LACONIA — Re/Max Bayside has become the most recent business to lay a bet on the future of downtown by leasing space at 600 Main Street, the former home of the Sundial Shop, which was purchased and renovated by Lakes Region Acquisitions, LLC in 2011.
"We'll have big signs in the windows soon,"Chris Kelly said yesterday.
Re/Max Bayside has leased the former home of Melcher & Prescott Insurance at the corner of South Main Street and Court Street since 2010. Kelly said that his firm has become engaged in what he called the "renaissance of downtown" and has decided "to put our money where our mouth is." The real estate firm will occupy the largest and second largest of the units of the building, an area approaching 2,500 square feet, facing Main Street, where it will house between 12 and 15 employees.
Kelly said that Re/Max Bayside is managing the 18 apartments at the Colonial Theatre for the Belknap Economic Development Council, which purchased the theatre complex in July. The eventual renovation and reopening of the theatre, he explained, has sparked interest in downtown. By making a timely move, he said "we're in on the ground floor." Kelly expected to be operating at the new location in December.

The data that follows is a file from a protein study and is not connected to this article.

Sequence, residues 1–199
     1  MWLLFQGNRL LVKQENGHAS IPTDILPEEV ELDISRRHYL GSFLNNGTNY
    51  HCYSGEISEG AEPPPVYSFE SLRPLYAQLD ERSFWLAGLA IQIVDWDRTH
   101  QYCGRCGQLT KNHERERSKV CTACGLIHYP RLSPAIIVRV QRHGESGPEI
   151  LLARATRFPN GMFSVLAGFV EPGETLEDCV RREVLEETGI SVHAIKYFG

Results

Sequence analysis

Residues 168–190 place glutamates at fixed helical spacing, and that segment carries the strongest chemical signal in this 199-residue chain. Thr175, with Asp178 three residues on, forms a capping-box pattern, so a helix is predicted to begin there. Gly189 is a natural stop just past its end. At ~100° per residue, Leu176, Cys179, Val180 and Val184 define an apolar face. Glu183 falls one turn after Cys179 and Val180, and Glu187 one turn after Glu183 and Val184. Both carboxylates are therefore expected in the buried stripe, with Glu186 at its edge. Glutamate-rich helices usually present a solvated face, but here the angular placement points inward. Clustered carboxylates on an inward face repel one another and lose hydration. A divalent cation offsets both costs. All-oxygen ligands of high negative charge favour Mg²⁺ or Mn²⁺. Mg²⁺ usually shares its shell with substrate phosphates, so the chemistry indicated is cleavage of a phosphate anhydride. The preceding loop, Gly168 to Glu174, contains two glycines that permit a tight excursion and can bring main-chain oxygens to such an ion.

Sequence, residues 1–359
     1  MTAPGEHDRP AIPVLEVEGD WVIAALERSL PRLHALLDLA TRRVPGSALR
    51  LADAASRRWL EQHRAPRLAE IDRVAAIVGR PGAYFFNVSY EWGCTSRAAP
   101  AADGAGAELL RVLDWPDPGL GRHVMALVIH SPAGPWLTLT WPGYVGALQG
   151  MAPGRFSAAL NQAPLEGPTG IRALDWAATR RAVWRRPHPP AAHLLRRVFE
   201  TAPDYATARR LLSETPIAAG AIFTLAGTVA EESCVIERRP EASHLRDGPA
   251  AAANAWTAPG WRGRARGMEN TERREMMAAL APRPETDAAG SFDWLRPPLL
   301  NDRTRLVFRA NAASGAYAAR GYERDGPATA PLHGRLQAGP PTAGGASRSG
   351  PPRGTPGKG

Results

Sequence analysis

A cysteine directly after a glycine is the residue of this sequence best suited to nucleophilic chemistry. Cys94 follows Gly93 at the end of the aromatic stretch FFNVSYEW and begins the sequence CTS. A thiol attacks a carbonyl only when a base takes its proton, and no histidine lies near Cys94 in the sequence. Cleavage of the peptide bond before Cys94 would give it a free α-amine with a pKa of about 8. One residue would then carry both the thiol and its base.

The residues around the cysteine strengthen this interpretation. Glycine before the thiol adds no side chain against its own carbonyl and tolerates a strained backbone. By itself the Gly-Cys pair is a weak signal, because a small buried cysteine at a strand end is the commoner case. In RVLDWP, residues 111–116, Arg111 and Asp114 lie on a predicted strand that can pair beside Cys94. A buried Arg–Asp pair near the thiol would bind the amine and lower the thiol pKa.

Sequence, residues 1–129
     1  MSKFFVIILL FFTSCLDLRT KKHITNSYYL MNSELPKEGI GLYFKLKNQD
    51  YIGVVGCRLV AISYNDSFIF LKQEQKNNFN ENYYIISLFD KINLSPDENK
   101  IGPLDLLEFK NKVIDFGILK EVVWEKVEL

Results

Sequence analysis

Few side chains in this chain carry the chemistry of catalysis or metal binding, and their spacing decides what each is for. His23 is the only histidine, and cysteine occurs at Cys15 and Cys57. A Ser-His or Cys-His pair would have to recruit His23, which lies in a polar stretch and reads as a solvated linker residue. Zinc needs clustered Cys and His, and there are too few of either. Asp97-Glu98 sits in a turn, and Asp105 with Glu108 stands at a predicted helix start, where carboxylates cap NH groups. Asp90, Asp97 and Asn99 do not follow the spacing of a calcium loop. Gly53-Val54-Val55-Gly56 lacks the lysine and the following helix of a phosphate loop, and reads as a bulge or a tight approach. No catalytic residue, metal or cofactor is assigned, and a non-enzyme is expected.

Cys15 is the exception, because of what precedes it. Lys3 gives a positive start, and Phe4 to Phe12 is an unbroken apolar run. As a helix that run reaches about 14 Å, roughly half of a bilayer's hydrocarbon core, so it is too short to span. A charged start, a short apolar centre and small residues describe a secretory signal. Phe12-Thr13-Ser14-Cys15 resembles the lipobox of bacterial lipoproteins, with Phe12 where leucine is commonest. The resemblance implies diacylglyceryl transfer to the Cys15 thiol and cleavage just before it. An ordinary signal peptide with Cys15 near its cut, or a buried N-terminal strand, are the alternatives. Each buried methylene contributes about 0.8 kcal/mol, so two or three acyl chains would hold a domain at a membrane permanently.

To signal Re/Max Bayside's presence downtown, Kelly said the company hot-air balloon will be flying the Pumpkin Festival on Saturday, with flights from Opechee Park from 8:30 a.m. to 10:30 a.m. and 3:30 p.m. to 5:30 p.m.
John Moriarty, one of four partners in Lakes Region Acquisitions, LLC, said he will be welcoming two tenants before the year is out — Re/Max Bayside and Salon Amara, which will move from Church Street to 1,255 square feet on Main Street. He said he is thinking of Re/Max Bayside as "big ticket retail" and anticipates its presence will increase patronage of other downtown businesses.
After the monicker 600 Main Street ran afoul of 911, Moriarty has taken to calling the building the "center city building," explaining that when Laconia is Googled, the arrow points to the building. He said that since 2011 a number of new businesses have opened downtown, where "the energy has become measurable."
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